Wednesday, August 25, 2021

In Praise Of The Estuary

Be sure to take some time out and watch his lovely documentary on the Mulki Estuary by Dakshina Kannada Wildlife team.

Email subscribers who can't see the embedded video can watch it here - The Mulki Estuary.

This estuary has formed at the confluence of the Sambhavi and Nandini rivers (the documentary wrongly calls it the Gurpur river) on the Karnataka coast. Estuaries are particularly rich ecosystems. The confluence of fresh and saline waters, changes in water temperature and turbidity, nutrient supply by the river and coastal upwellings, the rise and fall of tides, and a meeting and interference of shore parallel and river currents create conditions suitable for a thriving biosphere. The documentary brings these aspects out beautifully in its capture of coastal landforms and varied wildlife.

Estuaries are of great interest to geologists too. The present configuration of our coastline has developed relatively recently in the geologic past. Before 15,000 years ago, during the Ice Age, sea levels were  about 100 meters lower than present. The coastline would have been tens of kilometers to the west of today's shore, and rivers like the Sambhavi and Nandini would have carved a valley across this stretch of the continental shelf and would have met the sea at a far westward location. As the Ice Age ended and the earth warmed, the rising seas progressively inundated the continental shelf. The estuaries along the Indian coast as with other coastlines are really drowned river valleys.

Coastal environments like beaches, mud flats, sand bars, mangroves, lagoons, and marshes, are in a state of constant adjustment to the movement of tides and currents, sediment supply from rivers and their distribution and deposition, and the impact of vegetation in stabilizing these features. Shore currents and sediment supply have an outsize effect on the evolution of the coast. One interesting example is found at Mangaluru, just south of Mulki, where another estuary has formed at the confluence of the Gurpur and Netravati rivers. The map shows this coastal setting. 

A geological investigation by B. R. Manjunatha and K. Balakrishna has shown that the Gurpur river once flowed a shorter route to the sea (paleo-course outlined in blue). Starting a few thousand years ago, excessive sediment deposition blocked this channel and strong southerly currents began building a barrier spit, forcing the Gurpur river to turn south and flow parallel to the coast for a good 8 kilometers before eventually joining the Netravati river in a joint exit to the sea. The Netravati river too has shifted slightly northwards over time. A quick survey along the Karnataka and Maharashtra coast show many similar situations where the river makes an abrupt turn and flows parallel to long sand spits before entering the sea. Do these rivers too have a similar history of course change? Its an intriguing observation.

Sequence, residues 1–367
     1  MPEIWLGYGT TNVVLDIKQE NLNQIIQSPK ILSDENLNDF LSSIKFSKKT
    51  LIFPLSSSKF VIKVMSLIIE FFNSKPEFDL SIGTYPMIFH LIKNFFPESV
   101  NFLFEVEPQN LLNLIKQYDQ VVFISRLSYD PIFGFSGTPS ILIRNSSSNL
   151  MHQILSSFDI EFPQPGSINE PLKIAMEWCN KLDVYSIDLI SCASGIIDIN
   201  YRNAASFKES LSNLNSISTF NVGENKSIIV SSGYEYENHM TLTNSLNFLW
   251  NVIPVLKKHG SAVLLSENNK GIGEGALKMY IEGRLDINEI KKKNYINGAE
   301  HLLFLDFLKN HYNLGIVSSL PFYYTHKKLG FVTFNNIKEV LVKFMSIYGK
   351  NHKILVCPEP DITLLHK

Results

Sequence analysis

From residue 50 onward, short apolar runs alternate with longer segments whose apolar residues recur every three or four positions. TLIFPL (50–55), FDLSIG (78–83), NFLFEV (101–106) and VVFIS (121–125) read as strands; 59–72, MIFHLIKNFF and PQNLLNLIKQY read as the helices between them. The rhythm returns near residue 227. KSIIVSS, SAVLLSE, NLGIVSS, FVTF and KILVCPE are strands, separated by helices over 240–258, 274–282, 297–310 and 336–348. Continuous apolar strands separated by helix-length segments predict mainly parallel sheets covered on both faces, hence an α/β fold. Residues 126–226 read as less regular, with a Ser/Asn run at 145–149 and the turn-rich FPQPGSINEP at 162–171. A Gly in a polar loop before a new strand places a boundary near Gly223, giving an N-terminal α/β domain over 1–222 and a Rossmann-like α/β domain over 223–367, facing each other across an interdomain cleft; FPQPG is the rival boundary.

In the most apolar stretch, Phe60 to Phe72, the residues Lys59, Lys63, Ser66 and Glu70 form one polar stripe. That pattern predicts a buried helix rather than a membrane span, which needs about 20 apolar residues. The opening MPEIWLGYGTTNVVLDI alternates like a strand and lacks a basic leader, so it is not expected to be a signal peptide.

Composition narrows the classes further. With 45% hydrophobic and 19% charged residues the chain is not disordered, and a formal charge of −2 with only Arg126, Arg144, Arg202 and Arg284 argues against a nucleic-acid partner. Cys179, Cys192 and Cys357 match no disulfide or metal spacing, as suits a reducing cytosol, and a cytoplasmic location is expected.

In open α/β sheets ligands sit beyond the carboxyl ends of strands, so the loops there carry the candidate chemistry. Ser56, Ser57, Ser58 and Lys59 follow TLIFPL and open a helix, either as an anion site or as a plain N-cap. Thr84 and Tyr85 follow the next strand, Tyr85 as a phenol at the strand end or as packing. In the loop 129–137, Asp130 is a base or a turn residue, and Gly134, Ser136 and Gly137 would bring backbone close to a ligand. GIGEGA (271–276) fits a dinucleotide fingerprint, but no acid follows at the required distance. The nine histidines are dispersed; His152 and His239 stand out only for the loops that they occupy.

Besides such adjustments to the coast due to currents and sediment deposition,  fluctuations in sea level too will change the prevailing geography. A sea level rise will push beaches and lagoons landwards, while a fall will cause rivers and deltas to extend seawards and bury past shorelines.

The estuary being a low lying region and a sediment trap preserves this history of sea level change. Geologists love to drill and take out sediment samples from the estuary bed and associated marshes and mangroves, because they contain, in its changing sediment and biological composition, clues to earlier environmental shifts. Understanding how past sea level change affected the coastal system is of great value in tuning our expectations and our preparedness of how the ongoing sea level rise will impact our present day coastlines.

I must confess that this post was inspired not just by this documentary but by my own memories of an estuary. During my student days, I had visited the coastal town of Malvan at the end of a small trek along the west coast of Maharashtra. A friend suggested we spend the day boating and exploring an estuary south of town. It turned out to be a most relaxing and enjoyable experience.

Taking inspiration from these children, we too rowed vigorously and covered quite a bit of distance. 

Malvan then was a small sleepy place and this meeting of river with the sea even more so. Not a soul was in sight, as hour after hour the waters of the estuary gently lapped against our boat. A salty sea breeze kept us refreshed. As the sun beat down upon us we finally decided to take a break. In search of something to eat and drink we scoured the shore for a small settlement. Up ahead in the middle of the estuary was our savior. 

 A luscious looking coconut island beckoned.

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